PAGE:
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Japan conserves resources by taking tinkles in the shower

Aera July 18
Aera July 18
‘I’m singin’ in the rain, just peeing down the drain, what a glorious feelin’, I’m empty again…’

Just when you thought the news from Japan couldn’t get any gloomier comes this ray of light that’s sure to gladden everyone’s day. Aera (July 18) notes that with efforts to reduce power consumption, people are turning off their bidet-type toilets, depriving themselves of that gratifying gush of warm water over one’s anus that comes after a bowel movement.

Instead of the toilet, they do their tinkling in the shower.

Actually the current controversy was supposedly started by Brazilian supermodel Gisele Bundchen, who last year blogged that in order to conserve water, rather than peeing in the commode she lets loose while in the shower.

Then Ayako Nishikawa (age 40), a licensed plastic surgeon who doubles as a TV commentator, chimed in while on the air by remarking, “To conserve water, I’ve also engaged in peeing in the shower.”

Aera immediately dispatched a reporter to Nishikawa-sensei for further clarification, and she admitted that she had engaged in the practice until her marriage two years ago.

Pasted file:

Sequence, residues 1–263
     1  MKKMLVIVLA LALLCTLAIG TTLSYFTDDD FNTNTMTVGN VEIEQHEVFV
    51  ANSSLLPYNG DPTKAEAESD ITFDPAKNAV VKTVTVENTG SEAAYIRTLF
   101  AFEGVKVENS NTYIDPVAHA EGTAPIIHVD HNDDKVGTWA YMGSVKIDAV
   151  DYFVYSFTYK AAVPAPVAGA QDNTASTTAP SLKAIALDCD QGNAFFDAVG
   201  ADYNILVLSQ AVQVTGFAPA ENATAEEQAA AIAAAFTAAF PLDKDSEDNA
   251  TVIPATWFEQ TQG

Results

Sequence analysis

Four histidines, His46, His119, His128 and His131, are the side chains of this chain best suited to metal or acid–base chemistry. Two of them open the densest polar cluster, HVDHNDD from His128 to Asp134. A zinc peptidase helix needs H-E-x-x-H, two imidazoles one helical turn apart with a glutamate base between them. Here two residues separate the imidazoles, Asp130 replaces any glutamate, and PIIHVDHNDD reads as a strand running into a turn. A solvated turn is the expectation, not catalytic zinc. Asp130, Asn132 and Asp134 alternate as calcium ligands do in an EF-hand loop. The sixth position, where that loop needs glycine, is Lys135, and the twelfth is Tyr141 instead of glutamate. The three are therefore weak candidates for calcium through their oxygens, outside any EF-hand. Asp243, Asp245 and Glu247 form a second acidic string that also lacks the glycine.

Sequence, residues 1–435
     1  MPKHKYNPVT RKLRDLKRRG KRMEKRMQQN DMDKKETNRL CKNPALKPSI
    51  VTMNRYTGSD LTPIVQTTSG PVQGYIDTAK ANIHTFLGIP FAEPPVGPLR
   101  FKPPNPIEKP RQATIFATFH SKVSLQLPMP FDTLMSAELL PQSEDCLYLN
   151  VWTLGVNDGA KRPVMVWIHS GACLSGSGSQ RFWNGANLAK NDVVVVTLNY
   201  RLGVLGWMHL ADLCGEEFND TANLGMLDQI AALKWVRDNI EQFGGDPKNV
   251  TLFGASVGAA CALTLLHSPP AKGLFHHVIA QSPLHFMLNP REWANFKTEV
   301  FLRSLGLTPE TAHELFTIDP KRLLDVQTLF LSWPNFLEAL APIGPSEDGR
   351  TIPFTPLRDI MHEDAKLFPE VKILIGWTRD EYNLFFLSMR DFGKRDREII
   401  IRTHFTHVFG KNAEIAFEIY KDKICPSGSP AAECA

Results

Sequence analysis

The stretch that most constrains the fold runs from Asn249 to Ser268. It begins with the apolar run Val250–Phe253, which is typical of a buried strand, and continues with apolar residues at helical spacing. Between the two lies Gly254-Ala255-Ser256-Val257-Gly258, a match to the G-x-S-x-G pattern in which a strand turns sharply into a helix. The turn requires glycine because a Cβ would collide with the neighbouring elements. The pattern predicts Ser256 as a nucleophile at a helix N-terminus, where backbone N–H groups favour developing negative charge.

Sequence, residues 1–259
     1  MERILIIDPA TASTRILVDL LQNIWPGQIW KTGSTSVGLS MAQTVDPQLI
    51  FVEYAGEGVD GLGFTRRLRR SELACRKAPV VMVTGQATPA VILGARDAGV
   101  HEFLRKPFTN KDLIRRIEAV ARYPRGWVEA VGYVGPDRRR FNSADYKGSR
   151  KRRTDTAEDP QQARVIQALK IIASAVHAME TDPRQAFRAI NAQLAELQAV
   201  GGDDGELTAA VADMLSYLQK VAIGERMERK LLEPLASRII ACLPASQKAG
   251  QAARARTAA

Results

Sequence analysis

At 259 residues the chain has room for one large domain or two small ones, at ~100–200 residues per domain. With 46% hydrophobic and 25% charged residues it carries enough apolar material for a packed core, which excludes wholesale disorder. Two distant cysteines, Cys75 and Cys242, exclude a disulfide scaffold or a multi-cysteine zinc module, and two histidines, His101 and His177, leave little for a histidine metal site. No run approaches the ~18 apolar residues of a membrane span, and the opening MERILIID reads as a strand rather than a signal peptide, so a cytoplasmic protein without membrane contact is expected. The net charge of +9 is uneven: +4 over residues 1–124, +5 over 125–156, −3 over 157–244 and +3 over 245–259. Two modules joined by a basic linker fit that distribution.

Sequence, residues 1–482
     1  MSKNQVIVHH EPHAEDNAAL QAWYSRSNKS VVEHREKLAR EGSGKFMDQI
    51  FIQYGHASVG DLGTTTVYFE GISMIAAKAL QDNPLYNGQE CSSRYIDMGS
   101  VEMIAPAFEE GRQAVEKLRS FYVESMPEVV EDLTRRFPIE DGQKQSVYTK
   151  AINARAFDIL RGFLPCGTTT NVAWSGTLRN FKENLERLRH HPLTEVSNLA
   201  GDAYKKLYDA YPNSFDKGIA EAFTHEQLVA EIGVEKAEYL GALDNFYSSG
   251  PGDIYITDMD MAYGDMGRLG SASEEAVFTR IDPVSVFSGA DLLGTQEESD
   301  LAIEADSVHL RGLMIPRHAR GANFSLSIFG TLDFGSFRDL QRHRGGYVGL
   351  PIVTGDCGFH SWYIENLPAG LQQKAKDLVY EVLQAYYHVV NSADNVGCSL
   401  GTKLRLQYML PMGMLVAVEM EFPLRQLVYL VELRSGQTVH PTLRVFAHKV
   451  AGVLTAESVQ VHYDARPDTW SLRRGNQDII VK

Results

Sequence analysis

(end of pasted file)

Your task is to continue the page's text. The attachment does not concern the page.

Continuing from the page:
“I’m a bit lazy. And it’s easy to do,” she giggled. “Along with saving water, you don’t have to wipe or flush. Considering that I was living alone, and nobody was watching, I could be as carefree about it as I wanted.”

It seems that homes’ toilets and baths drain into the same sewerage system, so there’s no sanitation problem. But the bathing area in Nishikawa’s new abode uses glass paneling, and the transparency brought on modesty. Peeing demands privacy.

Yutaka (first name only), a salaryman living in the greater Tokyo area, admits he’s a habitual whizzer while showering.

“You hear the water and it makes you want to relieve yourself,” he says. “And what the heck, it’s too much trouble to dry off in the middle of a shower just to use the loo.”

Apparently there’s a medical explanation for this phenomenon.

“When your bladder fills up to 500 to 700cc, you feel the need to urinate,” says Shinichi Torii, a Yokohama-based urologist. “Up to that point you can mentally disregard it. But the sound of water flowing causes a sense of urgency that relaxes the bladder, making it harder to hold back.”

Contact with water, including showers and public swimming pools, can cause some people’s bladders to become overactive. If the problem persists, Dr. Torii will welcome a consultation.

Meanwhile, Yutaka recently discovered his 8-year-old daughter has the same propensity for peeing in the shower.

“Maybe it’s hereditary,” he chuckles.

Perhaps someone close to you may be a secret shower secretor, Aera concludes somewhat ominously. (K.S.)

Source: “Shawaa de toire, suru?” Aera (July 18, page 50)